New York Fed recommends Jones Act exemption for Puerto Rico
by Michael N Hansen, President Hawaii Shippers Council
The Federal Reserve Bank of New York commonly known as the New York Fed issued on June 29, 2012, a report on the competitiveness of the Puerto Rican economy that recommended an exemption from the Jones Act for the Commonwealth.
Among several economic issues confronting the Commonwealth of Puerto Rico, the New York Fed identified the Jones Act as a major impediment to the Island’s prosperity. The Fed found that the Jones Act cause surface transportation costs with the U.S. mainland to be much higher than with other nearby island countries not affected by U.S. maritime cabotage. It has also resulted in a loss of economically important maritime traffic to other Caribbean ports.
Although the report asserts that this is a unique problem for Puerto Rico, it is not. In fact, it negatively impacts all the coastwise noncontiguous domestic trades of the U.S. – Alaska, Guam, Hawaii and Puerto Rico.
The New York Fed recognized that the Jones Act industry objects to their findings and there has been a longstanding dispute over what are the true costs of the Jones Act to Puerto Rico, but concludes there is some substantial cost to the island’s economy.
As such, the New York Fed recommends that the noncontiguous domestic Puerto Rico trade be fully exempted from the Jones Act for a trial period of five years so that an accurate assessment of economic costs can be made, and further recommended that the exemption become permanent if it is found beneficial.
The full exemption recommended by the New York Fed for Puerto Rico would be modeled on the exemption that applies to the Virgin Islands of the United States, which allows foreign flag ships to engage in the domestic U.S. Virgin Island trade.
The Hawaii Shippers Council (HSC) has proposed a much more limited exemption from only the U.S.-build requirement of the Jones Act for large deep draft ships. The HSC proposal would apply to all four (4) coastwise noncontiguous domestic trades. It would leave all the current requirements in place for the shallow draft Jones Act tug and barge industry, and the U.S.-flag, U.S. crew and U.S. ownership requirements for the deep draft self-propelled ship segment.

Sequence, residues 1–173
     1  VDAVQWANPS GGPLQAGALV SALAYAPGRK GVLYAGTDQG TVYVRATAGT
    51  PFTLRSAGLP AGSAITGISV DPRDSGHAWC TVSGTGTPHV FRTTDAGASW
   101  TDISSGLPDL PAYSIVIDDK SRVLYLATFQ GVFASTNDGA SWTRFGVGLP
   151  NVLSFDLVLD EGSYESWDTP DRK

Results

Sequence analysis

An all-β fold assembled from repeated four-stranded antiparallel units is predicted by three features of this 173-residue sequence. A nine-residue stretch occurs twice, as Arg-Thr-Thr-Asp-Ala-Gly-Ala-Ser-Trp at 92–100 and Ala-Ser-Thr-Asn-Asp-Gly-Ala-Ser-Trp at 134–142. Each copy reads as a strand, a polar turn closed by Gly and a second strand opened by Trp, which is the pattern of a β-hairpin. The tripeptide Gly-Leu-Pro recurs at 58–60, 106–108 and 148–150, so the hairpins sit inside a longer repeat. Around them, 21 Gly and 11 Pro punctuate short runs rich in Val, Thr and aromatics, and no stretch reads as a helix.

The HSC’s proposal targets the main cost driver in the U.S. Jones Act industry – the extraordinarily high cost of deep draft U.S. shipbuilding in contrast to the cost of constructing comparable ships in the main shipbuilding countries of Japan, South Korea and China.
The Jones Act industry continues to oppose the HSC’s very limited exemption proposal that would bring greater efficiencies but not eliminate the market incumbents. In contrast, if the New York Fed’s recommendation of a full Jones Act exemption were applied to all the noncontiguous domestic trades for a trail period of five years, it would eliminate the shipping carriers currently operating in those trades.
The Hawaii Shippers Council (HSC) is a business league organization incorporated in 1997 to represent cargo interests – known as “shippers” – who tender goods for shipment with the ocean carriers operating the Hawaii trade. Please contact the HSC at email firstname.lastname@example.org if you wish to be placed on our email list.
Full Text: New York Fed report is attached
Chart: Noncontiguous domestic trades of the U.S.
The Federal Reserve Bank of New York
Research and Statistics Group
REPORT ON THE COMPETITIVENESS of PUERTO RICO’S ECONOMY (Excerpts)
June 29, 2012
CHALLENGES TO PUERTO RICO’S COMPETITIVENESS
Improving Transportation Infrastructure
Two key aspects of the transportation infrastructure are frequently mentioned as raising business costs and impeding business activity on the Island. One of these is the Jones Act, which affects Puerto Rico’s outward and inward trade activity, and the other is an underdeveloped and inadequate local transportation infrastructure.
The Merchant Marine Act of 1920, known as the Jones Act, requires that all goods shipped or passengers conveyed by water between U.S. ports (including Puerto Rico) be carried in U.S. flagships, constructed primarily in the United States, owned by U.S. citizens, and crewed by U.S. citizens and permanent residents. While the Jones Act is often cited as a factor that raises business costs, there is no comprehensive, objective study assessing its potential effects on Puerto Rico’s shipping costs or the Island’s economy as a whole.